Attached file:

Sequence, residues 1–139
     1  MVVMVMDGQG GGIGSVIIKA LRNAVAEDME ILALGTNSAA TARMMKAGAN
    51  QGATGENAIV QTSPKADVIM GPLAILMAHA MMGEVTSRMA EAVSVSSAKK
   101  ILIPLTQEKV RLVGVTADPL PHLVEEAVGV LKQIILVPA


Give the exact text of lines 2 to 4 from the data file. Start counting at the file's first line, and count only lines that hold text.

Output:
     1  MVVMVMDGQG GGIGSVIIKA LRNAVAEDME ILALGTNSAA TARMMKAGAN
    51  QGATGENAIV QTSPKADVIM GPLAILMAHA MMGEVTSRMA EAVSVSSAKK
   101  ILIPLTQEKV RLVGVTADPL PHLVEEAVGV LKQIILVPA